Grand Canyon

By: Emily Breck

Map of Grand Canyon

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Grand Canyon is a national park located in Arizona. It is the 15th oldest national park. Grand Canyon National Park was named as an official national park in 1919, but the landmark had been well known to Americans for over thirty years prior. The creation of the park was an early success of the conservation movement. Its national park status may have helped prevent proposals to dam the Colorado River within its boundaries. Many of the early buildings of Grand Canyon Village survive today and are included on the National Register of Historic Landmarks.


Elevation and season of the year determine average temperatures at the the Grand Canyon. The higher the elevation, the cooler the temperature. During summer, the temperature is somewhere around 50-80 degrees Fahrenheit. Thunderstorms occur frequently around this season. Winter conditions can be very extreme. Be prepared for snow, icy trails, and possible road closures. During spring and fall, the weather is unpredictable. They mostly have mild temperatures with warm days, and cooler at night.

Geological Point of Interest

South Rim: Grand Canyon Village

is the center of activity and the transportation hub for the South Rim of the park. The village is the only place where the railroad reaches the rim of the canyon. There are three areas of interest: 1)The Visitor Center and Mather Point, 2) Market Plaza - the business center where the general store, the bank and the US Post Office are located, 3) The Historic District, where the railroad depot and original hotels and pioneer village started. The Grand Canyon is the world's most spectacular example of erosion and most remarkable assemblage of exposed rocks in geological sequence and intact.


Mule, deer, coyotes, and elk are commonly seen in the Grand Canyon. Other wildlife includes ravens, lizards, bats, foxes, mountain lions, and rock squirrels. These animals may have infectious diseases, so be careful not to touch them. Rock squirrels tend to bite visitors if you put your fingers near their mouth. Approaching or feeding the wildlife is prohibited. When you approach to closely to wildlife, you may cause them stress and could interfere with behaviors necessary for their survival.

Plants and Trees

There are more than 1,500 known species of plants in the Grand Canyon. The Banana Yucca is the most common and useful plant. It can be used for a source of fiber, and is used in the manufacture for soap. There are 3 other common plants in the canyon. The first one is called the Sego Lily. This can be purple, lilac, or yellow. The second one is an American Plumb tree is also known as the wild plum. This is a big shrub or a little tree. The color is red and can get up to 15 feet high. The third one is a Wooly Daisy. These are found at the edge of the Grand Canyon and are no more than 1 1/2 inches tall. 4 Species of trees have adapted there as well. They are the Ponderosa Pine, Pinyon Pine, Gambel Oak, and the Utah Juniper. The Grand Canyon is also home to many shrubs. Some that are there include the Cliff rose, Fern bush, and Mountain Mahogany.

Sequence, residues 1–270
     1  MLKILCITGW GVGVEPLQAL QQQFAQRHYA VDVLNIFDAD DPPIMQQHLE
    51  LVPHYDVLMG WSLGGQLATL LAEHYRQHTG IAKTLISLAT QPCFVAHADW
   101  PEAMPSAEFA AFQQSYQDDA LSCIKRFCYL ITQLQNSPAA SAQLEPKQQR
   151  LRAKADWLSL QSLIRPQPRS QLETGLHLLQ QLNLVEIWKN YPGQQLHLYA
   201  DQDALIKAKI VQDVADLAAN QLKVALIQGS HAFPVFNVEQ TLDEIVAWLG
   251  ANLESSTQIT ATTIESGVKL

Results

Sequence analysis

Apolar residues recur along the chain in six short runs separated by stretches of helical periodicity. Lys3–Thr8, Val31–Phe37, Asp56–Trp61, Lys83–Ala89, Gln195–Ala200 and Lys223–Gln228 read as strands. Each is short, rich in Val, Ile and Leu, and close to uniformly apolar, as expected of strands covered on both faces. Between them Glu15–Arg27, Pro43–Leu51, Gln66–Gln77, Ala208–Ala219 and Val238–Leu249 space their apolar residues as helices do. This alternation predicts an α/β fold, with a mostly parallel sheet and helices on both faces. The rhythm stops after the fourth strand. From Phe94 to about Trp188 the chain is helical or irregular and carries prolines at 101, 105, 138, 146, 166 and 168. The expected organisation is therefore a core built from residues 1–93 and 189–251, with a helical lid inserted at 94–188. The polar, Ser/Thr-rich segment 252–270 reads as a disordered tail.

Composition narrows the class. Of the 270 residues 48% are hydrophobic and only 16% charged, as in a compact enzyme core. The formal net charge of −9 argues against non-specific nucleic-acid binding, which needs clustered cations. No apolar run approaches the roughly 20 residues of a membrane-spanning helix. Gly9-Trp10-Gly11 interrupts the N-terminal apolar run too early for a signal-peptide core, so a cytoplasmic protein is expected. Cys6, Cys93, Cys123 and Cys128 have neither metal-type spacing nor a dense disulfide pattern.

The canyon is threatened by air pollution and poor air quality. It effects the ability of visitors to see the incredible landscape. This can also be harmful to other peoples health. This pollution and ozone are a result of burning fossil fuels. Other problems are having an elevated ozone layer, and uranium leaching into the park.

Outdoor Activities

Activities include a helicopter and jeep tour, hiking, drive-thru wildlife park, and going to museums.

Works Cited

"Grand Canyon." A&E Television Networks, n.d. Web. 04 Dec. 2014.

"Grand Canyon National Park - Arizona." Grand Canyon National Park: Description. N.p.,

n.d. Web. 04 Dec. 2014.

"Grand Canyon." The Columbia Encyclopedia, 6th Ed.. 2014, Rufus Kay Wyllys, and "Grand Canyon." World Encyclopedia. 2005. "Grand Canyon." HighBeam Research, 01 Jan. 2014. Web. 04 Dec. 2014.

"Interesting Facts about the Grand Canyon." Interesting Facts about the Grand Canyon. N.p., n.d. Web. 04 Dec. 2014.

United States. National Park Service. "Animals." National Parks Service. U.S. Department of the Interior, 02 Dec. 2014. Web. 03 Dec. 2014.

United States. National Park Service. "Places To Go." National Parks Service. U.S. Department of the Interior, 03 Dec. 2014. Web. 04 Dec. 2014.